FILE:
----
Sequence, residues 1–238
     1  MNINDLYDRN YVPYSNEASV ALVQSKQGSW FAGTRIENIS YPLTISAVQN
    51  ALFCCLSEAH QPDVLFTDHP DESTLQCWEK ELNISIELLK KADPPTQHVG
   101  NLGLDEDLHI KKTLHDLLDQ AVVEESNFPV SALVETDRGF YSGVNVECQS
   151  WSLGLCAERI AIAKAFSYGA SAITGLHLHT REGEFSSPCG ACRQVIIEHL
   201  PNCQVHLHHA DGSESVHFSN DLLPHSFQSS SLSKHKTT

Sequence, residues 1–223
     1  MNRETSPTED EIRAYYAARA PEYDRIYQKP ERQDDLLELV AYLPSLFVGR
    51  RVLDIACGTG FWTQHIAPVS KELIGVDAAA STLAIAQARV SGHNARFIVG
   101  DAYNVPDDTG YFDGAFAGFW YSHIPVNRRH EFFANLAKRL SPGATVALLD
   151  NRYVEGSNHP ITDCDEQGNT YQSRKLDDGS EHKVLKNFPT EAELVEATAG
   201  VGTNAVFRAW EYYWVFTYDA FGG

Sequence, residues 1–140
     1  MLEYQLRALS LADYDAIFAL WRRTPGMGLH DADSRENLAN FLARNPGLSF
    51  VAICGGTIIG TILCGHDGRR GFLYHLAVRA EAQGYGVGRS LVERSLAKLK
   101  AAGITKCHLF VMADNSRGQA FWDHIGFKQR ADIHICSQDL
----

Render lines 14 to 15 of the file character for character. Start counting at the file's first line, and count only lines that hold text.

     1  MLEYQLRALS LADYDAIFAL WRRTPGMGLH DADSRENLAN FLARNPGLSF
    51  VAICGGTIIG TILCGHDGRR GFLYHLAVRA EAQGYGVGRS LVERSLAKLK